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unit plan

Overview

BRIDGE TO TERABITHIA BY: KATHERINE PATERSON

Focus Statement: Discovering and building bridges in reading. Big Questions: 1. Can you imagine like the author? 2. How do you analyze characters in a story? 3. Do you have artistry in you? 4. Can you discover the elements of plot? 5. What kind of family do you have? 6. What does the author have to say in this book? 7. How do we cope with tragedy?

Lesson 1: Students will discover what is is like to use their imagination to create story like the characters in the story.

Multi-Genre Materials:

2008

Lesson 2: Students will use critical thinking skills to analyze characters using aspects of “showing” not “telling.” Lesson 3: Students will learn how to use art when reading and exhibit personal style. They will compare their artwork to themes of the book. Lesson 4: Students will become acquainted with the five elements of plot where they will discuss the inter workings of the events in the story. Lesson 5: Students will concentrate discussion on their own family as well as the two families in the book.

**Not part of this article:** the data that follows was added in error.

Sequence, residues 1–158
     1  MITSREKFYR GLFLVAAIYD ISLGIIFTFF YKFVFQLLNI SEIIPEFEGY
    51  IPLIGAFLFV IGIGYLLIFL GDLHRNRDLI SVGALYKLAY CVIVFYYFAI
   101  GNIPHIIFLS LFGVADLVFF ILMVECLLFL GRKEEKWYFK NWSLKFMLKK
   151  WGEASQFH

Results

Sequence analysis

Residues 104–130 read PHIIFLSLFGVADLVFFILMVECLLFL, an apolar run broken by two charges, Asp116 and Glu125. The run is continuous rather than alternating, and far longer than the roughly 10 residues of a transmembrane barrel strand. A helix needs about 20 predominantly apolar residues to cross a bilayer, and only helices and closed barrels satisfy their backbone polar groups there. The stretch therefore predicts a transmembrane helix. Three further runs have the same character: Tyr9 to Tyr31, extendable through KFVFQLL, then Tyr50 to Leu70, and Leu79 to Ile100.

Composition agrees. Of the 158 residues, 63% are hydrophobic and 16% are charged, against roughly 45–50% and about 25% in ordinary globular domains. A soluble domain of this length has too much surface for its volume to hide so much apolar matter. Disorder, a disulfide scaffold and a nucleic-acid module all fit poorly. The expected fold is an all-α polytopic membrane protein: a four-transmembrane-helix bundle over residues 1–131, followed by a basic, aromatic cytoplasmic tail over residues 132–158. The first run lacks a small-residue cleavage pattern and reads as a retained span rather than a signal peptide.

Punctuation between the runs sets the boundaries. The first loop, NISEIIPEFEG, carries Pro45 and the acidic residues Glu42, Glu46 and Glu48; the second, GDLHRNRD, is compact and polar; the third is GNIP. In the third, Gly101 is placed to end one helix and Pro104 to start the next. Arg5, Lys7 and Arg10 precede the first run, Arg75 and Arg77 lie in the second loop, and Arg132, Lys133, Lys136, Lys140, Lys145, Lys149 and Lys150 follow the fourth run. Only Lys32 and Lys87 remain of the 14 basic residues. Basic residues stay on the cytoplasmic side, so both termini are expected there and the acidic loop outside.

Lesson 6: Students will be able to identify themes and articulate examples. Lesson 7: Students will have a conversation on tragedy and coping.

Focus Novel: Katherine Paterson (1977). Bridge to Terabithia. New York, NY: HarperCollins. This is a story about friendship, family living on in spite of tragedy.

Hinton, S.E. (1995). The outsiders. New York, NY: Penguin, Putnam. Lewis, C.S. (1950). The Chronicles of narnia. HarperCollins. Monet, C. (n.d) Monet images. Retrieved April 29, 2008, from googleimages.com Paterson, K. (1978) The great gilly hopkins. HarperCollins. Spaar, J.(1999). Thanks for being my friend. Kansas City, MO: McMeel Publishing. Silverstein, S. (1986). The giving tree. New York, NY: Harper Collins. Staton, A. (2000). Finding Nemo [DVD]. United States: Walt Disney & Pixar.

Bridge to Terabithia - Unit Overview  
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